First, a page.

Can food supply and access to clean water develop into geopolitical weapons, like fossil energy has been for many years? If so, we should see a structural imbalance between food and water on the one hand, and population on the other. But does such an imbalance exist? Will mankind be able to feed 10 billion
At the last EFIB, October 2017, in Brussels, there were indications that national bio-economy strategies are beginning to lag behind market developments and vision. Current company bio-based strategies move towards a circular economy, and go beyond just low carbon and clean energy sustainability. And the views expressed by the UN Environment Programme and the European
Over 150 organisations worldwide endorse a new statement that proposes banning oxo-degradable plastics for packaging worldwide. Signatories include leading businesses, industry associations, NGOs, scientists, and elected officials. They include M&S, PepsiCo, Unilever, Veolia, British Plastics Federation Recycling Group, Gulf Petrochemicals and Chemicals Association, Packaging South Africa, World Wildlife Fund (WWF), Plymouth Marine Laboratory, and ten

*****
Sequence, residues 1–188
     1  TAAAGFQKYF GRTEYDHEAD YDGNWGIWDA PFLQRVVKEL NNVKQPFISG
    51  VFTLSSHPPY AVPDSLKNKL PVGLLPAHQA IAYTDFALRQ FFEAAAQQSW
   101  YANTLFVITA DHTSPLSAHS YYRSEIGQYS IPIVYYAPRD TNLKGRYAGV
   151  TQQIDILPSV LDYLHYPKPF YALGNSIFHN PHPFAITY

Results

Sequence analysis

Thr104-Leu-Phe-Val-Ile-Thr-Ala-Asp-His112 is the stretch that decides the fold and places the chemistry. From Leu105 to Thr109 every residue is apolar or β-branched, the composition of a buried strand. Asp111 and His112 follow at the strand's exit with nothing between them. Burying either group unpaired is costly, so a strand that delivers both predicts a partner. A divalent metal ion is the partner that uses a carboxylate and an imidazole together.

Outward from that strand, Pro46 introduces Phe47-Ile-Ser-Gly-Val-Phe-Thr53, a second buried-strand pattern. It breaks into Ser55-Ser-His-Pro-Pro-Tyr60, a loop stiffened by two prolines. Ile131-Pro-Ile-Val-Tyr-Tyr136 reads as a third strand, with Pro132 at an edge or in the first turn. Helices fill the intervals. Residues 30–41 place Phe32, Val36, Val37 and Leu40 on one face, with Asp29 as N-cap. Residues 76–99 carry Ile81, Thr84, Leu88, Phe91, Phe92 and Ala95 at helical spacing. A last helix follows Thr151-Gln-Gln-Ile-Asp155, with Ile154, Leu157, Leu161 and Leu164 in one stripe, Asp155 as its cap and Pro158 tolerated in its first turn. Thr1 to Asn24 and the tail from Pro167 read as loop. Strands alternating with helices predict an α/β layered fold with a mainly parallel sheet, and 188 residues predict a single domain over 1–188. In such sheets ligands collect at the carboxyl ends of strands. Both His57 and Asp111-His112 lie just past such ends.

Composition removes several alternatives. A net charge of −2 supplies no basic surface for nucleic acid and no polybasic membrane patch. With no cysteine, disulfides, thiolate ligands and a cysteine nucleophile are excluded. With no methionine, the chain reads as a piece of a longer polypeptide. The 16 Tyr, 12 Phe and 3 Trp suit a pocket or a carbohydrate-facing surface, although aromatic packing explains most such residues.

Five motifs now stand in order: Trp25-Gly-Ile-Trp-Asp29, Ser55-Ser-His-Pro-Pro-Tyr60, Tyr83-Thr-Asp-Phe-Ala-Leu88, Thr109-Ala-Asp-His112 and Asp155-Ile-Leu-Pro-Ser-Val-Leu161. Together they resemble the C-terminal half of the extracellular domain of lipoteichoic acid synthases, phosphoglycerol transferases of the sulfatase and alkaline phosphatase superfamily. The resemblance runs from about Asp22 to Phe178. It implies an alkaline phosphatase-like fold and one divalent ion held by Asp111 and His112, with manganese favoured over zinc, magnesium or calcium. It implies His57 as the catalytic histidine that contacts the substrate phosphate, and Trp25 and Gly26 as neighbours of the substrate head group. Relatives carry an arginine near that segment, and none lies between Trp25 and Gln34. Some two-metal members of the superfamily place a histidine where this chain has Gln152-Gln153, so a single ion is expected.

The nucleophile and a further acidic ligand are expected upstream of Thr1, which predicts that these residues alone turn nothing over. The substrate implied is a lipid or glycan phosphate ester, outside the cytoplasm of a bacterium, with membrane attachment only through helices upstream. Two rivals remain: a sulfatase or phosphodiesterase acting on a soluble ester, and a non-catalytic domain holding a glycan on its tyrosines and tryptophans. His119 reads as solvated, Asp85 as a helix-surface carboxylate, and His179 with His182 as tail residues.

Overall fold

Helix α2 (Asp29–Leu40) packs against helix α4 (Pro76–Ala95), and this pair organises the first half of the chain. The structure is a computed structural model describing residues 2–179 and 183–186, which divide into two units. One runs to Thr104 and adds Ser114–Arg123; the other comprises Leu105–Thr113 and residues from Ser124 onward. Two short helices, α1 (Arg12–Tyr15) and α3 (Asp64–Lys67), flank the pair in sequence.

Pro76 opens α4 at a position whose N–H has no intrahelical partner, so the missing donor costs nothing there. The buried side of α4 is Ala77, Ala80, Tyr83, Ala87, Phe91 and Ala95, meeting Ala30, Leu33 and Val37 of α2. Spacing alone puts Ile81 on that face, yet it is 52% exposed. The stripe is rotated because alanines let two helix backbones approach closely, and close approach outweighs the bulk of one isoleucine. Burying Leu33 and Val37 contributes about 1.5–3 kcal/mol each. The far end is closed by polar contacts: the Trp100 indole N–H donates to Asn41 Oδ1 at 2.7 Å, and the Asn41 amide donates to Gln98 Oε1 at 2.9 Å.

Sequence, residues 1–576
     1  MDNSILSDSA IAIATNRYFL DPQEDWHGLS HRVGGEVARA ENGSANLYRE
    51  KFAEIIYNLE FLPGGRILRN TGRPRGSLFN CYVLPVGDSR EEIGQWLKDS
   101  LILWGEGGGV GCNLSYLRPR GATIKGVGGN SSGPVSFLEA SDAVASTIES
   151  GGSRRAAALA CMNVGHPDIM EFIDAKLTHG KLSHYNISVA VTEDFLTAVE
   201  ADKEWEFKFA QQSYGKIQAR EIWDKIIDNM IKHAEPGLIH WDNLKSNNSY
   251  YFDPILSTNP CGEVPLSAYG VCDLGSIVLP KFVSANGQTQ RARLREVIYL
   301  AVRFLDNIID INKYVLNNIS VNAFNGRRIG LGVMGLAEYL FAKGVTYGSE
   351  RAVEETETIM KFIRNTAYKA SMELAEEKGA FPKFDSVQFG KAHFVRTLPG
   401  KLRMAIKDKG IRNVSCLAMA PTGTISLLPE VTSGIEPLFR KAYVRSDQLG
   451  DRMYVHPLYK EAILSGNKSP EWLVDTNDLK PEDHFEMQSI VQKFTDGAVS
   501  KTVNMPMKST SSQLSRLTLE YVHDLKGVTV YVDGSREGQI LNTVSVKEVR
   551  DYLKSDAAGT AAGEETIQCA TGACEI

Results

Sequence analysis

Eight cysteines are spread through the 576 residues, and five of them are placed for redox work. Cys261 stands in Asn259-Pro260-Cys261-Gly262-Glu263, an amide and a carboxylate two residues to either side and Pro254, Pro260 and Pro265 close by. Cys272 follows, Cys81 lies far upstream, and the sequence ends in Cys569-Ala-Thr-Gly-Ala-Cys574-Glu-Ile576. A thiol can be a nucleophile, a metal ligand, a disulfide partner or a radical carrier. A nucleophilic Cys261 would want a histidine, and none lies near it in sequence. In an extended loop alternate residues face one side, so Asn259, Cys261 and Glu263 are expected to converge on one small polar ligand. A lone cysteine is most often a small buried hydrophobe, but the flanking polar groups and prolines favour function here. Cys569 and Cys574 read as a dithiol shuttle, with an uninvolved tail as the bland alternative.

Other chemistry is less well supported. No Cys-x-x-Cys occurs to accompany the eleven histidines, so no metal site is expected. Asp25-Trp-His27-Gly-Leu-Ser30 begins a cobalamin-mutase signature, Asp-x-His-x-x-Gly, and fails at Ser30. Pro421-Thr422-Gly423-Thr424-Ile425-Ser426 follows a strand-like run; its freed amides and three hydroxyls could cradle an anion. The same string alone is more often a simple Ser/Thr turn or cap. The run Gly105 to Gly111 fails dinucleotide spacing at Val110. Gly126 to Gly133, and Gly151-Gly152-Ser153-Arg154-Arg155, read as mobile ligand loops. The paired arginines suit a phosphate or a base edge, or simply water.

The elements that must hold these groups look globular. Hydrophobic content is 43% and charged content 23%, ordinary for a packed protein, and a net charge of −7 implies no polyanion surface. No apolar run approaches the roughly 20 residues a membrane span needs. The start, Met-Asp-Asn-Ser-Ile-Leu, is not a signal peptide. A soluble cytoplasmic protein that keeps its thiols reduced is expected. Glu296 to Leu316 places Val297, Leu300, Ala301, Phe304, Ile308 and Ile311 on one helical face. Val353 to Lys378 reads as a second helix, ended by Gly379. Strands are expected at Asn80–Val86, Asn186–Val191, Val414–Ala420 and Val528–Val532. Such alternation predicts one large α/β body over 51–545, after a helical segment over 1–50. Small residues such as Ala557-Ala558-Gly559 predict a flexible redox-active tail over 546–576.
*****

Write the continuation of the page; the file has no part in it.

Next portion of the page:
Renewable energy sources are by nature ready to harvest anywhere in the world, and therefore not a source of international conflict by themselves. However, they depend in part on critical materials – materials of which the supply is by no means assured, particularly if renewable energy should grow very fast. The most important group of
Geopolitics has long circled around reserves of fossil fuels, the most critical assets in a fossil-based world. But although they will be around for a few more decades, fossil fuels will gradually become less important as a global power factor. What will come in their place? Will energy continue its role in a different form?